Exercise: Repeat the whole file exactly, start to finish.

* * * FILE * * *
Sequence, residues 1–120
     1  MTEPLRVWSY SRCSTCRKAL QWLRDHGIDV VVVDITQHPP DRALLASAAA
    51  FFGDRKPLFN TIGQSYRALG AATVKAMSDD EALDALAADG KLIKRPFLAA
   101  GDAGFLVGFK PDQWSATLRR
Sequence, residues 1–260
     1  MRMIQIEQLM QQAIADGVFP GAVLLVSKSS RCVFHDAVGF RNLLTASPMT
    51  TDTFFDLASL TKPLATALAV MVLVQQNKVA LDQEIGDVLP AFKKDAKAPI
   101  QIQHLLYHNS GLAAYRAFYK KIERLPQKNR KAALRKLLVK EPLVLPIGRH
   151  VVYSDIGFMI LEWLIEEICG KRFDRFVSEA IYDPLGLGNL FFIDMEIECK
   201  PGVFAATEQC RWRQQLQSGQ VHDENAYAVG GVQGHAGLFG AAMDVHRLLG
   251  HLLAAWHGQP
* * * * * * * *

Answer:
Sequence, residues 1–120
     1  MTEPLRVWSY SRCSTCRKAL QWLRDHGIDV VVVDITQHPP DRALLASAAA
    51  FFGDRKPLFN TIGQSYRALG AATVKAMSDD EALDALAADG KLIKRPFLAA
   101  GDAGFLVGFK PDQWSATLRR
Sequence, residues 1–260
     1  MRMIQIEQLM QQAIADGVFP GAVLLVSKSS RCVFHDAVGF RNLLTASPMT
    51  TDTFFDLASL TKPLATALAV MVLVQQNKVA LDQEIGDVLP AFKKDAKAPI
   101  QIQHLLYHNS GLAAYRAFYK KIERLPQKNR KAALRKLLVK EPLVLPIGRH
   151  VVYSDIGFMI LEWLIEEICG KRFDRFVSEA IYDPLGLGNL FFIDMEIECK
   201  PGVFAATEQC RWRQQLQSGQ VHDENAYAVG GVQGHAGLFG AAMDVHRLLG
   251  HLLAAWHGQP